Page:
Your estrogen levels may vary by your sex assigned at birth, age, and other factors.
There are three types of estrogen:
- estradiol, the primary “female” sex hormone
- estrone, a “minor” female sex hormone
- estriol, a minor “female” sex hormone that is nearly undetectable except during pregnancy
|Prepubescent female||undetectable–29 pg/mL||undetectable–20 pg/ml|
|Pubescent female||10–200 pg/mL||undetectable–350 pg/ml|
|Premenopausal adult female||17–200 pg/mL||30–400 pg/mL|
|Postmenopausal adult female||7–40 pg/mL||30–400 pg/mL|
|Prepubescent male||undetectable–16 pg/ml||undetectable–13 pg/ml|
|Pubescent male||undetectable–60 pg/ml||undetectable–40 pg/ml|
|Adult male||10–60 pg/ml||10 to 50 pg/mL|
In premenopausal females, estradiol levels can vary widely throughout the menstrual cycle.
A doctor may recommend treatment for the underlying condition of your hormonal imbalance. They may also recommend treatments to help reduce any symptoms you may be experiencing as a result of the underlying condition. This can include:
- dietary changes
- lifestyle changes
If you develop symptoms relating to HRT, a doctor may change your hormone therapy plan. This might help your body achieve a healthier hormone balance.
If you have PCOS, they may prescribe medications that include:
- hormonal contraceptives
- Metformin (Glucophage, Riomet, Glumetza)
- medications to treat complications like infertility and excessive hair growth
If you have a type of cancer that’s sensitive to estrogen, a doctor might prescribe medications to block cancer cells from binding to estrogen as a form of adjuvant therapy.
Alternatively, they might prescribe an aromatase inhibitor. This type of medication stops the enzyme aromatase from converting androgens into estrogen. In other cases, they might prescribe a medication that stops your ovaries from producing estrogen.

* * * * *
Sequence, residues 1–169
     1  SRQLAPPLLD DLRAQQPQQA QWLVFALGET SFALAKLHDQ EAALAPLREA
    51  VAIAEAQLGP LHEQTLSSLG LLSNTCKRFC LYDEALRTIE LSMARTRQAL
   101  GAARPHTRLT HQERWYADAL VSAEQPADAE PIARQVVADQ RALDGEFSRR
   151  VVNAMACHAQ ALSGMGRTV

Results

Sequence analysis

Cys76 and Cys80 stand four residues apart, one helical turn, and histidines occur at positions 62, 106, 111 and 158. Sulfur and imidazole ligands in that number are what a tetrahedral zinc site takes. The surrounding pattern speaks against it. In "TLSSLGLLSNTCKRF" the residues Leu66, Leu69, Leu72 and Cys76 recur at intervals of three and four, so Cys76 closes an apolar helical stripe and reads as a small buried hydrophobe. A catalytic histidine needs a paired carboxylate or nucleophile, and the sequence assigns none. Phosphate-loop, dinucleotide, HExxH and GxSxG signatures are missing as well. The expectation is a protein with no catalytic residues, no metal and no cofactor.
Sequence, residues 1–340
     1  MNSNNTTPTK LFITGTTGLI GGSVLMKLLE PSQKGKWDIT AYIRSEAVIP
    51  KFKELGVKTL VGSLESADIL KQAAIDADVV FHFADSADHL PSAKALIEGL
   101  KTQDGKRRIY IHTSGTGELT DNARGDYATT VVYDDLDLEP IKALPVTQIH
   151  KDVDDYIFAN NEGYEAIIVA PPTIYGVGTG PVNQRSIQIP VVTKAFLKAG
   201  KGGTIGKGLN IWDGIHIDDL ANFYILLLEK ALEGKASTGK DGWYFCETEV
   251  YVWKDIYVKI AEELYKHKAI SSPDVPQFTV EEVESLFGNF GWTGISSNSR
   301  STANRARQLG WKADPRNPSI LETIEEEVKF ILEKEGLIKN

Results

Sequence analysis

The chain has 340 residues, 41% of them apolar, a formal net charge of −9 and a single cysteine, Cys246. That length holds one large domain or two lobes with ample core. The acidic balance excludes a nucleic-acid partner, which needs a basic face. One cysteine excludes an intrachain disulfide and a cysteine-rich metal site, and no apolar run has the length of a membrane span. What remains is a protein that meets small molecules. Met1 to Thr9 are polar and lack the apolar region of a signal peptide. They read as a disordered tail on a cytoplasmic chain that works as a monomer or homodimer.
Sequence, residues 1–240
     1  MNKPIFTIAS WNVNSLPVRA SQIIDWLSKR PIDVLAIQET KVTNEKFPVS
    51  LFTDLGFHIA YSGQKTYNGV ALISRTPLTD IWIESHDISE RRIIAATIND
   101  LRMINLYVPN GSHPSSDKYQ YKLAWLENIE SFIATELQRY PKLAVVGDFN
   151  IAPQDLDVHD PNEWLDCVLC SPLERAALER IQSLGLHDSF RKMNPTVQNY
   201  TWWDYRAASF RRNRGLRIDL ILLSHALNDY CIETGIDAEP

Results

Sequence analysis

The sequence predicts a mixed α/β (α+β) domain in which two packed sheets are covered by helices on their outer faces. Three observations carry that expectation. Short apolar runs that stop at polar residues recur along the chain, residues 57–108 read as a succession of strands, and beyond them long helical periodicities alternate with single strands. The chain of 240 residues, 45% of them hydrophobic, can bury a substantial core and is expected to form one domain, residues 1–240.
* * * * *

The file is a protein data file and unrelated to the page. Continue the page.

Most of the health conditions that can contribute to excess estrogen do not require surgery. But if you have a type of cancer that’s sensitive to estrogen, such as some types of breast cancer, a doctor might recommend an oophorectomy to reduce your levels of estrogen. This surgery removes the ovaries.
Since ovaries produce most of the estrogen in the body, removing them lowers estrogen levels. This is known as surgical menopause.
If you have PCOS, a doctor might recommend changes to your eating habits to support weight loss and balanced hormone production. This may involve:
- eating fewer processed foods
- eating fewer red meat products and more plant-based foods
- eating more whole grains and fewer refined carbs
- reducing the amount of unhealthy fats in your diet
- eating more fiber
- following a Mediterranean eating plan
If you have PCOS, a doctor may recommend lifestyle changes to help reduce and manage your symptoms. These may include:
High levels of estrogen can put you at a higher risk of other conditions. In females, these can include:
In males, higher than typical levels may cause infertility and gynecomastia.
If you’re experiencing unusual symptoms that may indicate a hormonal imbalance, consider making an appointment to talk with a doctor.
They can help you learn if these symptoms are caused by an underlying health condition or a medication you’re taking.
Some health conditions may affect your hormonal balance, causing symptoms and raising your risk for certain health conditions.
Treating hormonal imbalance can depend on its cause and may include medication and changes to diet.
Managing your hormone levels by treating the underlying cause may help reduce your symptoms as well as your risk for complications.